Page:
Thursday, October 4, 2012
The Tall Man
Jessica Biel plays a nurse living in a small community that has bene plagued with a rash of unexplained child disappearances. A farfetched urban legend has spread about a mysterious"tall man" coming to take the children away, but could there be some truth to this bizarre story?
A lot of people flipped for Pascal Laugier's Martyrs a few years back; a weird and fascinating mix of torture themed horror, monster movie, revenge film, psychological thriller, and supernatural/religious horror. It's the kind of movie that abruptly shifts gears every 15 or 20 minutes, but in an effective way that keeps the audience on their toes. I didn't love it the way some did, mostly due to some sloppy visuals and a weirdly inert (if still highly disturbing) final act, but I thought it was a unique and effective horror film worthy of serious consideration.
The Tall Man is a major step forward for Laugier; a more mature film that is just as disturbing as Martyrs (though much less punishing and graphically violent), and has a similarly gear-shifting plot, but with a more elegant visual style, a more interesting lead character (Biel is very good in this), and a conclusion that I find to be upsetting in a far more profound, personal way. Martyrs, effective as it is, sometimes felt like empty provocation, whereas Tall Man grapples with a seriously upsetting moral issue (interestingly enough, covered in the past few years in one of my favorite recent crime films, though from a much different angle) that left me feeling chilled long after the film was over.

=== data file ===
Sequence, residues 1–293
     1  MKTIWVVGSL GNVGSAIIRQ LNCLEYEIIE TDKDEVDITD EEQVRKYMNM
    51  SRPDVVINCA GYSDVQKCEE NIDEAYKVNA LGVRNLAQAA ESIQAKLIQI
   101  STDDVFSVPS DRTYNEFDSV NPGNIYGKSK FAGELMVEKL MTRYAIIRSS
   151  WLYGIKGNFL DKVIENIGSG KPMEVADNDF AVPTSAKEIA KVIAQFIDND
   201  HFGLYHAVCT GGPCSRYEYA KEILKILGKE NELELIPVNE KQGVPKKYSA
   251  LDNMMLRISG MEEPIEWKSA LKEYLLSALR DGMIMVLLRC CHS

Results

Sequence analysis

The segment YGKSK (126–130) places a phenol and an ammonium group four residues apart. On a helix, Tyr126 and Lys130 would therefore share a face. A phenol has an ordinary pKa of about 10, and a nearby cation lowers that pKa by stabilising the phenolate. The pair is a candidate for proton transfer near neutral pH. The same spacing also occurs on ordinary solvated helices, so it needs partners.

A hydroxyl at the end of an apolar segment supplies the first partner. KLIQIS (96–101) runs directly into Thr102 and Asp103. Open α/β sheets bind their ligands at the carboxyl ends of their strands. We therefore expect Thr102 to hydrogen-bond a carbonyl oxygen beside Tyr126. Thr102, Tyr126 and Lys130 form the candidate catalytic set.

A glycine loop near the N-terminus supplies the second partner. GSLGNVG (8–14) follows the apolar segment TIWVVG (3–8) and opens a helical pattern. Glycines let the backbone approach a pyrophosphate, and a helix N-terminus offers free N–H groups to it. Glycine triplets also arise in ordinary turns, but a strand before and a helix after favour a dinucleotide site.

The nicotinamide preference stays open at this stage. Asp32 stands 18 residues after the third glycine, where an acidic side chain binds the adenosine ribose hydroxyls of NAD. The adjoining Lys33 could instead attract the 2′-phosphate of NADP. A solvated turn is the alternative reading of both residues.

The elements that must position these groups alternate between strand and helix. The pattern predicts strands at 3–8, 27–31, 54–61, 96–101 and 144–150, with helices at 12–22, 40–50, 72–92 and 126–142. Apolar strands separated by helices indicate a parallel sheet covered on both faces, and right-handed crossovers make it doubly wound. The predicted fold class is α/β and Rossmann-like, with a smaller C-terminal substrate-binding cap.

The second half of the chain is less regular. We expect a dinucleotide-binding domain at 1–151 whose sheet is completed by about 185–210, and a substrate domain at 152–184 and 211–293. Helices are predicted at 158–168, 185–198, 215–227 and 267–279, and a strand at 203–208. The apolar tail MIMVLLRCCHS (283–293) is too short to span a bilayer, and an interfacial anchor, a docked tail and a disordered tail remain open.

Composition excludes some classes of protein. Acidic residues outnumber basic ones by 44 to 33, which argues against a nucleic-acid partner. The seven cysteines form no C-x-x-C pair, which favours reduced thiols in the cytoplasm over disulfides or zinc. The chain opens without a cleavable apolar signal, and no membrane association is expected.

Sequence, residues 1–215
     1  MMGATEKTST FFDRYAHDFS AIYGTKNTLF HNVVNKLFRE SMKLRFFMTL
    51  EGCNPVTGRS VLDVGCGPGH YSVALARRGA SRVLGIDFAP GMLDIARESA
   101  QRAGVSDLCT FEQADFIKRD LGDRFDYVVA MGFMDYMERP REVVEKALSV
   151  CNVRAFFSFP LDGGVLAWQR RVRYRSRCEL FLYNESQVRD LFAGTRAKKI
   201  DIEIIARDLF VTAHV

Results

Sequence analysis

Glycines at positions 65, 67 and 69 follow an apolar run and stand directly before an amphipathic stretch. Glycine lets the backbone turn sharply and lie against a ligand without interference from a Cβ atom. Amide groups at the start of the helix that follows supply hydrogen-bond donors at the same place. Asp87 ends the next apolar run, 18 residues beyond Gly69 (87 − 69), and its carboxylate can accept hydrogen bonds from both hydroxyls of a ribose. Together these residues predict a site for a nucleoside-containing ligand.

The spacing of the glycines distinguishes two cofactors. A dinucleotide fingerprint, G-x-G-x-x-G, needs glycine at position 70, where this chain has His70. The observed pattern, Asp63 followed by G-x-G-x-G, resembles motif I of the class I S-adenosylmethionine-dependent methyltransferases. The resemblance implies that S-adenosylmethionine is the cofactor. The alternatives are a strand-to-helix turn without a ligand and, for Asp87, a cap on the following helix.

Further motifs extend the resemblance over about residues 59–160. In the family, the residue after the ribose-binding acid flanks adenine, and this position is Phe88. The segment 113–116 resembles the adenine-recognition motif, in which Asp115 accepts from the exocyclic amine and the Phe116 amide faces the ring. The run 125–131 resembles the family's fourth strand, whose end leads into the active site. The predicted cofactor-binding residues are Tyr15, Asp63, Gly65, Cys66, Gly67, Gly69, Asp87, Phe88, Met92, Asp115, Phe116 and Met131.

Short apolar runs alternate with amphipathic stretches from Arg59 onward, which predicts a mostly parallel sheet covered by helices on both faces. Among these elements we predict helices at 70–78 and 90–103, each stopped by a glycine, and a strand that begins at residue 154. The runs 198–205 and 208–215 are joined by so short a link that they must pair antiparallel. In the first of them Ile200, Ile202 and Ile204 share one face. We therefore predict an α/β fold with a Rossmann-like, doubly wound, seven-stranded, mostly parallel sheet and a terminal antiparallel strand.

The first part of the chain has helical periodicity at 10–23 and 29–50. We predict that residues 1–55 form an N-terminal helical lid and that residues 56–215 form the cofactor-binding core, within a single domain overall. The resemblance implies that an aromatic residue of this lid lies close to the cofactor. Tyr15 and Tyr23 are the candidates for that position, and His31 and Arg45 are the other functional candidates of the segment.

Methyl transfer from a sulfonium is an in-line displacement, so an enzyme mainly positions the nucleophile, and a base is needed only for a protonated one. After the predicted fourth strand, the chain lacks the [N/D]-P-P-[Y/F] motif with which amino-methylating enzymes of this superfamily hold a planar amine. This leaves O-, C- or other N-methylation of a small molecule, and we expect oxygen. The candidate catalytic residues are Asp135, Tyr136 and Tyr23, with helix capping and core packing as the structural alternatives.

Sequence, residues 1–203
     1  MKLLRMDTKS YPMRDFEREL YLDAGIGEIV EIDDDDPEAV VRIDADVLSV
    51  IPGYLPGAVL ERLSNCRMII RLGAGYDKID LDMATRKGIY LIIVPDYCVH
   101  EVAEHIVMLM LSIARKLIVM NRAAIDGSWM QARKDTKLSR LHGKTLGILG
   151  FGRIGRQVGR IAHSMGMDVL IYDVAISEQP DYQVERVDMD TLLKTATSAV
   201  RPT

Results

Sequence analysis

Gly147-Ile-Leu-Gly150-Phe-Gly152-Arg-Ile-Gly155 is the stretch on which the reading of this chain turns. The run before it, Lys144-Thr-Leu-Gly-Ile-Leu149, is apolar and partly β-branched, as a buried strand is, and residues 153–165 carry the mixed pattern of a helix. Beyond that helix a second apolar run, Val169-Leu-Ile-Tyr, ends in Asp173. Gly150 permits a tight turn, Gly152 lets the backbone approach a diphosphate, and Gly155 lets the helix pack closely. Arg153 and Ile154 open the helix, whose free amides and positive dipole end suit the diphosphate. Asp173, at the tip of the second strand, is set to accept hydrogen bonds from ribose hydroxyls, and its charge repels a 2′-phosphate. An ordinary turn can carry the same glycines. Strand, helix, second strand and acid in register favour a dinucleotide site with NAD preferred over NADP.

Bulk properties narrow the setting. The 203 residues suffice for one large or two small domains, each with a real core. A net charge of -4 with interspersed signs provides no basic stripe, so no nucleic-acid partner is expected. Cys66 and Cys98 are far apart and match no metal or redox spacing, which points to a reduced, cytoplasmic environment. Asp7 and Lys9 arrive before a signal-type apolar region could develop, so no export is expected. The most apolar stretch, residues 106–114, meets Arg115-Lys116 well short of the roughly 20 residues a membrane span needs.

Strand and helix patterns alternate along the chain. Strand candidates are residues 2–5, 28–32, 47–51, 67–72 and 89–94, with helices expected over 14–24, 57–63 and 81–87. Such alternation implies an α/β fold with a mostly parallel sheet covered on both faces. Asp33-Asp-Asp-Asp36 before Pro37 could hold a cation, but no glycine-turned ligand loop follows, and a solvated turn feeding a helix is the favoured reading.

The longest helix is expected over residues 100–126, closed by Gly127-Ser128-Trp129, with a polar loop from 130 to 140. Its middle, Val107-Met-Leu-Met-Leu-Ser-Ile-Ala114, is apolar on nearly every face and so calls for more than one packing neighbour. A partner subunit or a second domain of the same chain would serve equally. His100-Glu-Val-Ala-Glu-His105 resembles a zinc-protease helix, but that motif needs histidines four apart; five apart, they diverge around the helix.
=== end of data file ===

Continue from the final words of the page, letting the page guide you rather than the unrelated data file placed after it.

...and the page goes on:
I don't really feel like I should discuss the plot, because the shocking, perfectly handled plot twists are a lot of the fun. Without giving away too much, I think less adventurous viewers will be disappointed the way the film shifts from a more conventional thriller into something slower, sadder, and more cerebral. Maybe even worse for casual viewers, the film leaves you not entirely sure how to feel about what you've just witnessed, particularly about the actions of certain characters, which makes it's final sequence all the more upsetting. To me, and to other folks who respect an ambitious horror film, that's exactly the reason it's so special.
I'm holding off on flat out calling it "great" until at least another viewing, as I'm not sure everything about the plot makes total sense, and I'm not sure if some of the earlier scenes will hold up on rewatch. But the film has stuck with me since I watched it, and I suspect it's not leaving any time soon.